"If the story stays true to reality, she will learn that cancer does not make people love you, and it does not change them into being caring if they were not to begin with. She will find that certain people she thought loved her will just disappear - but she will also learn to appreciate the people she does have, the ones who provide support. She will learn they are her true family."

    You really hit the nail on the head here. I have been experiencing this but have been unable to articulate it as well as you have here.

    Thank you... for your candor, your insight and the gift of this blog!

  3. I dont watch it either but maybe I will now. Hollywood does not handle cancer well. They don't get it.

  4. I've been watching the show since the cancer story was introduced. A friend told me about it and when I learned that the character had Her2+, like I did, it peaked my curiosity. I will be very interested in how they handle the chemo side effects.

    Unlike you, and apparently the "most", though I only puked once in my 6 months on chemo, I FELT like puking nearly every minute every day and none of the anti-nausea meds worked for me.I spent about 5 of those 6 months laying on my couch unable to even walk my dog or cook for my family or clean my house. I lost all energy for everything, and I do mean Samantha-Everything! Even when it was over, I was breast-less and bald and had no interest. Throw in a little acne, fingernails peeling off their nail beds and oozing puss, and mouth sores and MRSA skin infections, and well, I hope they portray a little bit of the hell it truly is and was for me.

    One TV character cannot possibly convey the reality of thousands of very different women but we all try to find a character we can identify with. We want to feel supported in our own struggle. That makes me wonder if they will reveal the truth that surrounds some Her2+ cancers final outcomes or if Christina will outsmart cancer for the rest of her life?! That will take a few years to find out and maybe the producers are learning as they go on this one.

    I think you'd be an excellent consultant for their show, Ann! And I wouldn't be surprised in the least if they'd ask you! You tell it like it is and that is why we all love you so!

    1. Christina is a main character and I don't see them killing her off. Although, for some of us, like me, it takes a few years to get sick and die so they *could* do that storyline - I just think they won't. It is too morbid for TV. But if they need a consultant, I'm there. :)

      I am sorry you had such a rough time with your chemo. In all my years, I've never met anybody who actually had it bad like you did - with one exception - a woman who is not on chemo! She is young and is treated with hormonals only but she is so sick and nothing helps her. I feel bad for her as she has three little kids and is just a sweet person. In my experience, she is not the norm though and all of us in the chemo room feel so sad for her, that she's young and has to go through all that and most of us feel pretty good. She's Stage III but goes in as often as I do because of the nausea - they have to give her fluids. So, of course, it does happen as you and she can testify to, but I do think due to the new medications it's rare now. Before the days of Zofran, everybody suffered but now it's rarer. It happens but not to most.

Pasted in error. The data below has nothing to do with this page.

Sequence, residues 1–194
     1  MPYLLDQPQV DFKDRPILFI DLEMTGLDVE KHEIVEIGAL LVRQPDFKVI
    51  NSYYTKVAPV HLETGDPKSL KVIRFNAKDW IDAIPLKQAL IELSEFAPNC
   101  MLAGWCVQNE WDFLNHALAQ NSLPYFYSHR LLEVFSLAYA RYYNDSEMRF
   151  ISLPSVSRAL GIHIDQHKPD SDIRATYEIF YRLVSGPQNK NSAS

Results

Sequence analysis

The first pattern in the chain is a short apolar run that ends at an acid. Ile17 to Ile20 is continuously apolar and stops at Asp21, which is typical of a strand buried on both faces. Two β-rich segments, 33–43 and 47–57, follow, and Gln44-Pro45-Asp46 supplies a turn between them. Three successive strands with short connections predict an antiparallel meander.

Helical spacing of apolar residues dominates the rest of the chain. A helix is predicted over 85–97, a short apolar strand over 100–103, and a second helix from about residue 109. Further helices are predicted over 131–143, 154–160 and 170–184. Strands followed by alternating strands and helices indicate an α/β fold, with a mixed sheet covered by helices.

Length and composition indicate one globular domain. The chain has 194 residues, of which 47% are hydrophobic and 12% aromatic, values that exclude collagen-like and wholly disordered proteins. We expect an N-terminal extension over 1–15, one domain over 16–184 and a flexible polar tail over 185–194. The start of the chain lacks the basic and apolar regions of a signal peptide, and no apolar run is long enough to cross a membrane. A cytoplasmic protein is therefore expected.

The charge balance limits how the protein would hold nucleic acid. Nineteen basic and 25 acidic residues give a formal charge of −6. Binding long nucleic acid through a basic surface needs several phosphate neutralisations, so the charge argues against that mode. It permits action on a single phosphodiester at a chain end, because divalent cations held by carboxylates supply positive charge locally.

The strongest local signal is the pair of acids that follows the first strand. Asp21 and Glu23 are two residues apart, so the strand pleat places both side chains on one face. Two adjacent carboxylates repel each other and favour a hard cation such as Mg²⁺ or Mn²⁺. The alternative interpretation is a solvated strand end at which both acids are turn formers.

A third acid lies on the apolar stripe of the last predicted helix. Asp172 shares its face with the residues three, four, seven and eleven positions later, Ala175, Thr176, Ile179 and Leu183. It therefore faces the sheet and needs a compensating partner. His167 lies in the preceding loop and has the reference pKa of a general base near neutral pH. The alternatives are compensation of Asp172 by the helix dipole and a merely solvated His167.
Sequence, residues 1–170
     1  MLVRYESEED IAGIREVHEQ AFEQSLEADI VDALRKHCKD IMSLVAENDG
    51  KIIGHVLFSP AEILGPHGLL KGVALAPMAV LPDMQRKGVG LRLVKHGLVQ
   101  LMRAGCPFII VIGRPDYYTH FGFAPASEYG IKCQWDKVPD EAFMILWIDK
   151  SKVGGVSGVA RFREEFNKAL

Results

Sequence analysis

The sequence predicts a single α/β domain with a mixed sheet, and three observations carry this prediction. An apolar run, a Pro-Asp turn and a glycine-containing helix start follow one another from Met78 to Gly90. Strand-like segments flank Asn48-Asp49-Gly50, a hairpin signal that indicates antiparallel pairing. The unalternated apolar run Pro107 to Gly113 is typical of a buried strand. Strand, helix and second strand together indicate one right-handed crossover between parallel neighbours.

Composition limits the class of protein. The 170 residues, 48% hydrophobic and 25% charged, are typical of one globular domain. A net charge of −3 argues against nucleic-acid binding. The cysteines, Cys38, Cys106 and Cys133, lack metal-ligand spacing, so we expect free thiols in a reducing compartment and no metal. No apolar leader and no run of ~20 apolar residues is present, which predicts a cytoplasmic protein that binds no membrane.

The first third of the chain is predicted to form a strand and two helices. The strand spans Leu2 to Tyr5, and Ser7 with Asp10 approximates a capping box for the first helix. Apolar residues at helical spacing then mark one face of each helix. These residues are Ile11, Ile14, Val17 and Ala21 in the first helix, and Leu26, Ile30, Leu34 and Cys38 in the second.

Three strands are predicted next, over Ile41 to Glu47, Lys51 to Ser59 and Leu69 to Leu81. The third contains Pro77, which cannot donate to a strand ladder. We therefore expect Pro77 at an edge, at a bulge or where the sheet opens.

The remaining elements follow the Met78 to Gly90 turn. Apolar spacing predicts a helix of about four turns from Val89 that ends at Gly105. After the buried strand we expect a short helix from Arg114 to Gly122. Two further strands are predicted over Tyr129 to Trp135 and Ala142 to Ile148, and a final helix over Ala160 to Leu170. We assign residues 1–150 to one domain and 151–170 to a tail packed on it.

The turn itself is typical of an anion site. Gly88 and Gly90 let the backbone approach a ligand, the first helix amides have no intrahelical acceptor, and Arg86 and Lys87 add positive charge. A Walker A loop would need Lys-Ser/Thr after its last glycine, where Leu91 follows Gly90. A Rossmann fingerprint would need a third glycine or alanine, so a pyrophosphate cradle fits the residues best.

Maybe it means the chemo works better, who knows? I never have had a problem and here I am, Stage IV. You were really sick so maybe it worked better on you and you won't relapse. One can hope, anyway (although I don't think it really works that way).

      Hope those days are a memory for you now. *hugs*

  5. I have watched the show since it started. I admire the show's writers for finding humor, showing some real moments (like denial, crying, avoidance, anger). I laughed when the clingy neighbor starts crying & wants her to fix them a cup of tea). I am interested in how realistic the story line will be, but plan to watch, even if I cry a little.

    1. Yeah, the tea was funny and it illustrated a bit how we end up caring and comforting those around us. I think they will get the emotional stuff right, if not the physical.

  6. I too have watched this show since the beginning and, like you, I was a bit hesitant to embrace the October bandwagon story of breast cancer in one of the characters. I like tv to escape from reality also and wasn't sure I wanted to be reminded of reality on one of "my" shows. Anyway...I read your post and when I got down to the ghose photo...just wanted to tell you...Priceless!! You are sooo funny! :)
    OK...back to lurk mode for me...

    1. Thanks! I wondered if anybody even got it. :) Brand new sheets so I had to use black paper and tape - I was not marking them up for this blog, lol. :)

  7. While on chemo, I only had a couple of times where I was sick to my stomach. They managed that side effect quite well with drugs. That said, I can not imagine working through chemo. I needed so much more sleep and had many other side effects that would have made it especially awful to be anywhere but home. At one point the skin on my face peeled off ... a free chemical peel is what I called it ... and my toe and fingernails were so fragile and I lost a lot of feeling in my fingers. At one point I could hardly ties my shoes or do up buttons. And my brain kind of went to mush for a while, too. To have had to work through all of the trouble with weeping eyes and foreign tastebuds would have been such additional hell. Paining on eyebrows, wearing wigs all day, no eyelashes ... oh, Lord. Working would have been real misery upon misery for me.

    Regarding nausea I know some women who really struggled with it and what comes (up) with it. It was harder for them to get theirs under control with medications. Individual experiences with chemo can vary so much it seems.

    While I wish they didn't ALWAYS show chemo patients looking ghostly and throwing up, I would hope, too, that they didn't show them looking all elegant and capable. It's not very glamorous going through chemo even if we're able to fake it from time to time.

  8. I'm not a medical doctor myself, but I work with lots of medical oncologists. I've heard several of them mention that new patients often freak out when they start chemo and find that they're NOT throwing up constantly, because they think that means it's not working, and they have to be reassured that "it's not like in the movies".

    (From what I understand there isn't actually any correlation between the severity of the side-effects and the effectiveness of the chemo, but like I said, I'm not a medical doctor...)